long
I. adjective (longer; longest) Etymology: Middle English long, lang, from Old English; akin to Old High German lang long, Latin longus Date: before 12th century 1. a. extending for a considerable distance b. having greater length than usual <
a long corridor
>
c. having greater height than usual ; tall d. having a greater length than breadth ; elongated e. having a greater length than desirable or necessary <
the column is one line too long
>
f. full-length <
long pants
>
2. a. having a specified length <
six feet long
>
b. forming the chief linear dimension <
the long side of the room
>
3. a. extending over a considerable time <
a long friendship
>
b. having a specified duration <
two hours long
>
c. prolonged beyond the usual time <
a long look
>
d. lasting too long ; tedious <
a long explanation
>
4. a. containing many items in a series <
a long list
>
b. having a specified number of units <
300 pages long
>
c. consisting of a greater number or amount than usual ; large 5. a. of a speech sound having a relatively long duration b. being the member of a pair of similarly spelled vowel or vowel-containing sounds that is descended from a vowel long in duration <
long a in fate
>
<
long i in sign
>
c. of a syllable in prosody (1) of relatively extended duration (2) bearing a stress or accent 6. having the capacity to reach, extend, or travel a considerable distance <
a long left jab
>
<
tried to hit the long ball
>
7. larger or longer than the standard <
a long count by the referee
>
8. a. extending far into the future <
the thoughts of youth are long, long thoughts — H. W. Longfellow
>
b. extending beyond what is known <
a long guess
>
c. payable after a considerable period <
a long note
>
9. possessing a high degree or a great deal of something specified ; strong <
long on common sense
>
10. a. of an unusual degree of difference between the amounts wagered on each side <
long odds
>
b. of or relating to the larger amount wagered <
take the long end of the bet
>
11. subject to great odds 12. owning or accumulating securities or goods especially in anticipation of an advance in prices <
they are now long on wheat
>
<
take a long position in steel
>
longness noun II. adverb Date: before 12th century 1. for or during a long time <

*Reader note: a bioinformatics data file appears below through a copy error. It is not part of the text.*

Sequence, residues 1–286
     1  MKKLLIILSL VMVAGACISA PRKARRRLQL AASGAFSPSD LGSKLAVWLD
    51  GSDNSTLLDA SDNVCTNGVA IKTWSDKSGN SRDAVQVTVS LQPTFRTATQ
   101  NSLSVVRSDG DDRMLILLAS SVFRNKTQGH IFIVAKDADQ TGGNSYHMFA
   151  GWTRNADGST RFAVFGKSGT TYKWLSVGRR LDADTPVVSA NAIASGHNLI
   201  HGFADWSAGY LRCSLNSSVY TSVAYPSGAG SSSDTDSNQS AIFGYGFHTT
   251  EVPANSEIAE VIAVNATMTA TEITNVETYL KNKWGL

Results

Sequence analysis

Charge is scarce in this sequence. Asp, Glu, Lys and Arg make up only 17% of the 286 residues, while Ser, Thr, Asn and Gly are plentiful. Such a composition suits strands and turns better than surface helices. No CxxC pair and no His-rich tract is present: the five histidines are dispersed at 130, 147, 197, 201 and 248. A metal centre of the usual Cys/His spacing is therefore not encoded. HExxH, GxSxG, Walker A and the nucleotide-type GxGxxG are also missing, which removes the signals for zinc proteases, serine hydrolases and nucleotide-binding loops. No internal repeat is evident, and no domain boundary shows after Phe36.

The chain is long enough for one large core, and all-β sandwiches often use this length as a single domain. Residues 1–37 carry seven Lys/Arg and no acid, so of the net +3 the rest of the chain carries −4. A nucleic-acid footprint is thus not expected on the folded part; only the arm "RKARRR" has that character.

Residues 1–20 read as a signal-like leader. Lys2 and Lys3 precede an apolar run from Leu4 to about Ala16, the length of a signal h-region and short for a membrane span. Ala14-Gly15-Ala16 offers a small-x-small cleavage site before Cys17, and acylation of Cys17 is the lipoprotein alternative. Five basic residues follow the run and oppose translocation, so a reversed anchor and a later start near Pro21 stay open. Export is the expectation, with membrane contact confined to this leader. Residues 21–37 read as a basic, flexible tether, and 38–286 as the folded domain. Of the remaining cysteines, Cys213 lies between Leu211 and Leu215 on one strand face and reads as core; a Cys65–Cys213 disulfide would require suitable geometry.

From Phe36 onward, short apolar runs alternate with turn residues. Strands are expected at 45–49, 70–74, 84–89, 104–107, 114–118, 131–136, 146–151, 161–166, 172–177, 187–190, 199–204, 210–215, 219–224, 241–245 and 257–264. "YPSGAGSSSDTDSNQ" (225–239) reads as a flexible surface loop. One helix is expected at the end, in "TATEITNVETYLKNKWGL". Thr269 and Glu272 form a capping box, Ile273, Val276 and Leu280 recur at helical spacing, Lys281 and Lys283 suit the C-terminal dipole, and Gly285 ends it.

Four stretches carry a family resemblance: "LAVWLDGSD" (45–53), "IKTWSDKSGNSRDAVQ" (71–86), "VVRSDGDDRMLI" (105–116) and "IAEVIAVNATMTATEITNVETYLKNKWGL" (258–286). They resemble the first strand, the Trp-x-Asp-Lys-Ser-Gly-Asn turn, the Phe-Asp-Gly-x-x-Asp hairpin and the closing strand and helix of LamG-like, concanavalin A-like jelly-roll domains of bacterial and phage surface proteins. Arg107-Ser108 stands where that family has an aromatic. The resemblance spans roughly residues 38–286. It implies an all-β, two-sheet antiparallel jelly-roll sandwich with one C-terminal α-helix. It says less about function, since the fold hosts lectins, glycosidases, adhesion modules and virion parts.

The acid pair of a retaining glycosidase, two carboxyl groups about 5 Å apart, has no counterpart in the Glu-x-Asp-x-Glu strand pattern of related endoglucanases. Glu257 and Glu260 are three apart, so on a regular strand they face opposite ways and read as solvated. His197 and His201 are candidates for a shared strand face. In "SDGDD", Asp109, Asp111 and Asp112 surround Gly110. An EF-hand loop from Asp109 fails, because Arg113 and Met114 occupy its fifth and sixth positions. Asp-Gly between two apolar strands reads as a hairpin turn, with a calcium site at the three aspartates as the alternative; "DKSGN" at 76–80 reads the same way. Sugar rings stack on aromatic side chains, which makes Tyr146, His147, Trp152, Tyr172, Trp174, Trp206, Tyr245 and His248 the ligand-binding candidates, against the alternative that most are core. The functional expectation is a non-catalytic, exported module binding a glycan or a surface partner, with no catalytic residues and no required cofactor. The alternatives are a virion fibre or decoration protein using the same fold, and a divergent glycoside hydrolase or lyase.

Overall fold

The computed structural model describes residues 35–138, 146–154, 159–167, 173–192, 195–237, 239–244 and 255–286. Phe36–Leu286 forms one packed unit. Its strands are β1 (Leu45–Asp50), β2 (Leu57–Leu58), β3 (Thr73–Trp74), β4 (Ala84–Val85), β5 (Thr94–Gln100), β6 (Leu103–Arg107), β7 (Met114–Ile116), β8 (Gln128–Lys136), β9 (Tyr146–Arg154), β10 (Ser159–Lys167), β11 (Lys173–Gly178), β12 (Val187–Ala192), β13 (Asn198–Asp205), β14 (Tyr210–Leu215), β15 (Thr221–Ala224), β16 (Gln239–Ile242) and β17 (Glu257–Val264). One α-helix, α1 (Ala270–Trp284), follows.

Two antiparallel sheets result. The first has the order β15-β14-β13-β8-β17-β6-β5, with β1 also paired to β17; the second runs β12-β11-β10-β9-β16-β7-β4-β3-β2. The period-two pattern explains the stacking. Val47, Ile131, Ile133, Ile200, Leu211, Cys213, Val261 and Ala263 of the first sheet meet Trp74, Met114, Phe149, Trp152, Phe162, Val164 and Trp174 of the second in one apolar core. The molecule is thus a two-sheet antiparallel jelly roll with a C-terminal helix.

long a popular hangout
>
2. at or to a long distance ; far <
long-traveled
>
3. for the duration of a specified period <
month-long
>
<
all summer long
>
4. at a point of time far before or after a specified moment or event <
was excited long before the big day
>
5. after or beyond a specified or implied time <
didn't stay longer than midnight
>
<
said it was no longer possible
>
6. for a considerable distance <
threw the ball long
>
7. in or into a long position (as on a market) III. noun Date: before 12th century 1. a long period of time 2. a long syllable 3. one taking a long position especially in a security or commodity market 4. a. plural long trousers b. a size in clothing for tall men IV. intransitive verb (longed; longing) Etymology: Middle English, from Old English langian; akin to Old High German langēn to long, Old English lang long Date: before 12th century to feel a strong desire or craving especially for something not likely to be attained <
they long for peace
>
<
longing to return home
>
longer noun Synonyms: long, yearn, hanker, pine, hunger, thirst mean to have a strong desire for something. long implies a wishing with one's whole heart and often a striving to attain <
longed for some rest
>
. yearn suggests an eager, restless, or painful longing <
yearned for a stage career
>
. hanker suggests the uneasy promptings of unsatisfied appetite or desire <
always hankering for money
>
. pine implies a languishing or a fruitless longing for what is impossible <
pined for a lost love
>
. hunger and thirst imply an insistent or impatient craving or a compelling need <
hungered for a business of his own
>
<
thirsted for power
>
. V. intransitive verb Etymology: Middle English, from along (on) because (of) Date: 13th century archaic to be suitable or fitting VI. abbreviation longitude

New Collegiate Dictionary. 2001.

Synonyms:

Look at other dictionaries:

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  • long — LONG, Longue. adj. Il se dit d un corps consideré seulement dans l extension qu il a d un bout à l autre. Un champ long & estroit. ce jardin est long, plus long que large. un baston long de tant de pieds. ce chemin est bien long. le cours du… …   Dictionnaire de l'Académie française

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  • long — long1 [lôŋ] adj. [ME < OE, akin to Ger lang < Gmc * lango > ON langr, Goth laggs: ? akin to L longus] 1. measuring much from end to end in space or from beginning to end in time; not short or brief 2. measured from end to end rather than …   English World dictionary

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